While this may sound quite simple, when we think about it, how many of us are capable of being completely connected to our own truths? We all create some veil of denial as to our self perception and how we think others perceive us. In short, we are all, to varying degrees, lying to ourselves. And when we perceive ourselves somewhat inaccurately, we in turn communicate from a base of untruth, our interpersonal communications left to become an ever rolling avalanche of distortions. Oh the trouble we bring upon ourselves.

And so the foundation of ‘emotional integrity’ within oneself is laid into the future leader….through the grace of the horse.

Part II of this series will look more closely at the actual leadership skill sets acquired through the study of horsemanship.


Note: As a woman, I am acutely aware of the use of the term ‘Horseman as one which may at first glance exclude my gender from this discussion. I would like readers to know that for me the term ‘Horseman’ refers to those humans that know, interact and have the honor of riding horses, and I use it in this vein as a term which is gender neutral, gender inclusive just as the term Human is.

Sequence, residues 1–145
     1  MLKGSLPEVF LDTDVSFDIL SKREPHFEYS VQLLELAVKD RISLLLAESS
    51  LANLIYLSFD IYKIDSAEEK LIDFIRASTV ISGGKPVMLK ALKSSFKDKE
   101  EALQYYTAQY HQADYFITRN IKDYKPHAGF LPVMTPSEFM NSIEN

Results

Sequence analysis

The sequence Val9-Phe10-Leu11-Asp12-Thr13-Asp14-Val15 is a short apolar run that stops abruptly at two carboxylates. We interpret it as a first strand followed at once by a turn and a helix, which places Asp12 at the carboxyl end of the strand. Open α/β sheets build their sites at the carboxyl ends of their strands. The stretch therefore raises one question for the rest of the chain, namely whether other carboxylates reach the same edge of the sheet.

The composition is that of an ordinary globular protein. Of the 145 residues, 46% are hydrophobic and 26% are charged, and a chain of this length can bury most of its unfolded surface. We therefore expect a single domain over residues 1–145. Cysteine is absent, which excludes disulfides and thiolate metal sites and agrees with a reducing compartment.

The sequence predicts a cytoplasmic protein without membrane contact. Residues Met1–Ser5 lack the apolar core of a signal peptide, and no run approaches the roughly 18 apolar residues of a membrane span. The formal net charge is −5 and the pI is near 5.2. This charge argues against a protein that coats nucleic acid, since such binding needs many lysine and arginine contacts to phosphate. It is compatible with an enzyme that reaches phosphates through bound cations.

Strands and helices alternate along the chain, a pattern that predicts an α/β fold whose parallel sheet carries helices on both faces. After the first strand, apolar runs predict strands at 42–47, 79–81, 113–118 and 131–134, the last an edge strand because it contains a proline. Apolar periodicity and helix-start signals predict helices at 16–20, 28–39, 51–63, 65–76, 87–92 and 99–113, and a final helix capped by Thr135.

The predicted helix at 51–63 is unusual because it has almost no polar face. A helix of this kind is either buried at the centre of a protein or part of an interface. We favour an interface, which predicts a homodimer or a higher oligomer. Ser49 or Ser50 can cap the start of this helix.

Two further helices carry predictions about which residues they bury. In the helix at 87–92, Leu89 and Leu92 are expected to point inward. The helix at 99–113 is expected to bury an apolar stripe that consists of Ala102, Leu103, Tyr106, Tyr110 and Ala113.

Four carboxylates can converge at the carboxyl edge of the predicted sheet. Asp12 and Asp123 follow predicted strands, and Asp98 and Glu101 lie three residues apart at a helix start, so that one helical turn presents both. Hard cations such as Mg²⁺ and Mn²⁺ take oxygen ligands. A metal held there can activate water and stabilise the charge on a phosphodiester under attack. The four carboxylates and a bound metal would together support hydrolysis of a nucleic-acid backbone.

Copyright 2011 Nancy Kotting All rights reserved. Reproduction by permission only.


One comment on “How Horsemanship Carves Leadership

  1. Nanette Levin
    March 6, 2011


    It’s so wonderful to see another posting content that encourages humans to get a better handle on how their energy and attitude impacts their equine’s behavior. It’s time for those focused on including the horse in the conversation to unite in an effort to create a better future reality for horse/human partnerships.

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This entry was posted on January 9, 2011 by in Horses, Politics and tagged , .